The first friend was a dorm buddy, Eddie. One big Mexican-American who was such an Anglo he spoke no Spanish. Fortunately, he passed for what Southwesterners thought resembled a Sicilian. Thus when from below-the-line muchachas sniffed around him, Eddie happily played up his “Italian heritage.”

Clint, Eddie’s boyhood best gringo bud, had at least been lucky enough to impregnate Peggy, a pretty daddy’s girl whose old man was loaded. Usually handsome none-too-bright studs like Clint occupied sufficient facile charm and bad timing to knock up some two-legged dream who only shimmered through beer goggles.

The money behind Peggy aside, Botticelli blonde tresses framed the bluest eyes in a perky face. She had bow lips, the kind that always seemed ready to spout mischief or dispense the sweetest kisses. Trevor thought if all hell broke loose, one glimpse of Peggy might’ve been enough to douse the alarm.

She could innocently encourage the spineless and lily-livered. So no wonder Clint found himself in a bigger jam after having had jammed her.

If Peggy told Clint “one potato!/two potato!/three potato!/four!” comprised her rhythm method, why, he wouldn’t have seen nothing but a long stretch of green lights. Clint was the kind of guy who probably simpered, “Okay.”

Trevor wondered whether the “girl in trouble” pair had ever discussed an abortion. Or had they remained practitioners who cherry-picked tenets?

Out-of-wedlock sex could be condoned though only after plenty of winks, nods and nudges. Yet the procedure which permitted escape, allowed reset, and could provide a terrifically frightening lesson remained a strict sin?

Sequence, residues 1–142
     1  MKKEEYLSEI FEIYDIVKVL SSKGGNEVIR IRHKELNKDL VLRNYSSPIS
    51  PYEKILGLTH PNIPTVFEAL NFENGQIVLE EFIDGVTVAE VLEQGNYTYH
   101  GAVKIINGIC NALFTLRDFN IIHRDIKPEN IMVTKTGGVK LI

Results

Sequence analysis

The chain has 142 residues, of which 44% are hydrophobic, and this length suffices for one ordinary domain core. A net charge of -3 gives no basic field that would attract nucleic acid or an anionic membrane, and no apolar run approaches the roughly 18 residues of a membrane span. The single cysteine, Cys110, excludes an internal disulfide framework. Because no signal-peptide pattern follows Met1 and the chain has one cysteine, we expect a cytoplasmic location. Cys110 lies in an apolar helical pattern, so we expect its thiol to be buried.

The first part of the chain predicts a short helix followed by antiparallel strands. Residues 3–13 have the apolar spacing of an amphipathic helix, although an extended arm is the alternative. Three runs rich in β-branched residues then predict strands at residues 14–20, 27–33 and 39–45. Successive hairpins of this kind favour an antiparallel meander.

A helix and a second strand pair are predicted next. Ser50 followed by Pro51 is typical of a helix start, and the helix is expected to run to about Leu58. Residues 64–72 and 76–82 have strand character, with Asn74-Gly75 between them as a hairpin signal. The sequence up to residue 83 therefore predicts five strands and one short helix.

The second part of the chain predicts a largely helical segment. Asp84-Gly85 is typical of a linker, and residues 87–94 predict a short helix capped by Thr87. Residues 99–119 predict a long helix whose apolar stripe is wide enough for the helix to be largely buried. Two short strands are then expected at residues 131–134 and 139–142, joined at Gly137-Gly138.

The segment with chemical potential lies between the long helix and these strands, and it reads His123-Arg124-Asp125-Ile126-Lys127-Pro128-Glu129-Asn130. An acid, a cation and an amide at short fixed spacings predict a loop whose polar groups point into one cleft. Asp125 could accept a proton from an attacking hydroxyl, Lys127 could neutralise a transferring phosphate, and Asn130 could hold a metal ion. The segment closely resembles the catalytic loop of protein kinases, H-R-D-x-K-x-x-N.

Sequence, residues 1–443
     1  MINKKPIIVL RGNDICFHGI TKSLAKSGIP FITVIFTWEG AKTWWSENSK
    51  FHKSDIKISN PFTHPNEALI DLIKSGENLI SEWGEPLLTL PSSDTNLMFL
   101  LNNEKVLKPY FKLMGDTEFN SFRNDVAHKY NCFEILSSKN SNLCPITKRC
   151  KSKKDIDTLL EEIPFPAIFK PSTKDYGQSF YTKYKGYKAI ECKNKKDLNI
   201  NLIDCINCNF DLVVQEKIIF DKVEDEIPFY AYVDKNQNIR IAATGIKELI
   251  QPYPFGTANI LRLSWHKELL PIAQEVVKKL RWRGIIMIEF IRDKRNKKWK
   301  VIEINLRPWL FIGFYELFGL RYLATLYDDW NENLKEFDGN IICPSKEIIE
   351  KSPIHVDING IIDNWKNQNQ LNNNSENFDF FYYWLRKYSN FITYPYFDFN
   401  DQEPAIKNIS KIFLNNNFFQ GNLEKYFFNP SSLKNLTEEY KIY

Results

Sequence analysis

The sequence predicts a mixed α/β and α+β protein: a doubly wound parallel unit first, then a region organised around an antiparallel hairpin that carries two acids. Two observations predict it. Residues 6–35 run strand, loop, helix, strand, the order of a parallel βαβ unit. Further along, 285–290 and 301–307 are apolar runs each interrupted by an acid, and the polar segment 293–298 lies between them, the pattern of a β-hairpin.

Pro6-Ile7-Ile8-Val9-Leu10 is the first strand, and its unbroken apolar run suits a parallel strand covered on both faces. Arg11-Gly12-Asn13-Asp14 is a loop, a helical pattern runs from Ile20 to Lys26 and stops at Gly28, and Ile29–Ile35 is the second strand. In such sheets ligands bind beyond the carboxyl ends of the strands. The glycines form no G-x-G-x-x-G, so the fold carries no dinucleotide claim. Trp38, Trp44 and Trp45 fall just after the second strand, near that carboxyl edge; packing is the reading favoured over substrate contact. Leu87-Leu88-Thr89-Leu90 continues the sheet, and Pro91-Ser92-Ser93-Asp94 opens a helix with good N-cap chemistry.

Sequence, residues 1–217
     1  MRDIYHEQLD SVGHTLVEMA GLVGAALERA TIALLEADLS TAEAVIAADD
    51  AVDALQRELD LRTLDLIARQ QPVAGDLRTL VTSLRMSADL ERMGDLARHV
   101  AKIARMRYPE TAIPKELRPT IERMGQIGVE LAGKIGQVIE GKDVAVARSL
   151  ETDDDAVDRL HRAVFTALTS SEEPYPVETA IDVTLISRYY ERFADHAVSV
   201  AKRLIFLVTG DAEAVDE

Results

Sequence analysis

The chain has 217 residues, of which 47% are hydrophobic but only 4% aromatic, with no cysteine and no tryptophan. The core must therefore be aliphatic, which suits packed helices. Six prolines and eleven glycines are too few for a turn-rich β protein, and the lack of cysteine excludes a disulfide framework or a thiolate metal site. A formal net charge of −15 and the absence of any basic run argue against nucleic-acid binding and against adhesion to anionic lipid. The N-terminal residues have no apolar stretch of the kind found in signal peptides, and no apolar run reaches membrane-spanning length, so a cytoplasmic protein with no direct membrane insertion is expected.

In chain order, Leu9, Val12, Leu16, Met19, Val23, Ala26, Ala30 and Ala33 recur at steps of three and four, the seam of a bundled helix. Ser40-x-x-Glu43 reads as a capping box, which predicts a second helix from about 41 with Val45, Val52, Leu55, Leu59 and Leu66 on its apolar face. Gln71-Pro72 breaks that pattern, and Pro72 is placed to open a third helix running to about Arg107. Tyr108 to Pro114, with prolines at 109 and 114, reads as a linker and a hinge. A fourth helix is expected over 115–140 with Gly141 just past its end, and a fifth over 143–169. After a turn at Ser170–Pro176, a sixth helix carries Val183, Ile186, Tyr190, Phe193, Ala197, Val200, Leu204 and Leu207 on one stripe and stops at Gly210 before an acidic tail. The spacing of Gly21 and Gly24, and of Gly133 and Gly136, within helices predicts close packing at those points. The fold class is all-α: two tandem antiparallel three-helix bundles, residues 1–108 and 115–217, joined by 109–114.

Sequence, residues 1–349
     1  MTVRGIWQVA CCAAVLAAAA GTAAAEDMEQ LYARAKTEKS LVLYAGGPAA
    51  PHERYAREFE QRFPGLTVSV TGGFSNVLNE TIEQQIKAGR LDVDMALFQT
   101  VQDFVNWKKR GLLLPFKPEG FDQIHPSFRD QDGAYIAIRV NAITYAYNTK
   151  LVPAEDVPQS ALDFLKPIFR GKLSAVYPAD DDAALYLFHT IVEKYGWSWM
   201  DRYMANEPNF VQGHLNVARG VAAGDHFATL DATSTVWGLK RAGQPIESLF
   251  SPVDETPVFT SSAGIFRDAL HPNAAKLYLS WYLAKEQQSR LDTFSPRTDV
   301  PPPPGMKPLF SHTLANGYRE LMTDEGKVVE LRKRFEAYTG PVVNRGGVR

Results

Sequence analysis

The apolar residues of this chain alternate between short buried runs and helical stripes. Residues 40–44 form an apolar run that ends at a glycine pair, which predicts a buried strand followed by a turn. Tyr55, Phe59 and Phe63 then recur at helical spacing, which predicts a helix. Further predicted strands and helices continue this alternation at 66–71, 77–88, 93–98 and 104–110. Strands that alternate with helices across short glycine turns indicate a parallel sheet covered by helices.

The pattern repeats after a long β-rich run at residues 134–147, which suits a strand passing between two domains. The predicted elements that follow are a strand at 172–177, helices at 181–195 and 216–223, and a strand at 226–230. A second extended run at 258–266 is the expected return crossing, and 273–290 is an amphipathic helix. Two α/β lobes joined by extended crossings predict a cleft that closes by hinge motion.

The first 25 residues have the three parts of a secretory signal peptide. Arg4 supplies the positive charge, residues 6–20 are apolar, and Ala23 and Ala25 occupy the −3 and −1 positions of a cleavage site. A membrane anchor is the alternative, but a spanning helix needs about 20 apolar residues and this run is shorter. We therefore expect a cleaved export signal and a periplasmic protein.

Then as now, Trevor knew parenthood required deliberate and sober entry. “Oops!” never sufficed as a baby-making reason. Besides, wouldn’t Clint and Peggy’s issue have benefited from parents who’d grown further into their adulthood? People who’d then become more adept nurturing mentors?

Since this mishap occurred in 1979, they could’ve had that talk without any early 21st century shrill and fraught baggage.

Since the couple’s was to be one rush job nuptial, Eddie elected giving Clint a bargain America bachelor party. This consisted of a Los Angeles road trip.

Leaving Tucson on a Friday afternoon, they’d attend Saturday’s Arizona-Southern California football game at the Coliseum (likely watching SC tailback Charles White run north and south against Arizona throughout the afternoon), followed by an excursion into a Southland amusement park. Oh, by the way, brew and mushrooms would augment the whole deal.

Which was how Trevor got dragooned.

He didn’t ingest psilocybins. Or pharmaceuticals for that matter. Well, maybe a few of the latter.

Eddie needed someone reliable to drive from Tucson because Peggy had graciously loaned this dodgy adventure her car. Taking Trevor’s measure and liking it, Eddie gauged that any man who could shamelessly pilot Lesley’s rolling cartoon caption in broad daylight was more than able to wheel them between California and Arizona. Safely.

Clint’s betrothed drove a brand new Oldsmobile. Her plum-colored land shark’s white leather interior glowed pristinely. White landau covered the roof. The Olds’ whitewalls sported wire rim hubcaps. Had Peggy’s car anymore chrome on its grille, party people years later in the 90s may have looked upon such ornamentation as rapper orthodontics.

Lesley laughed at Trevor’s auto references.

“Hey, that dented boat you drove was a cartoon on wheels,” he said. “And Peggy was ahead of the curve. She’d pimped her ride long before it became must-see TV.”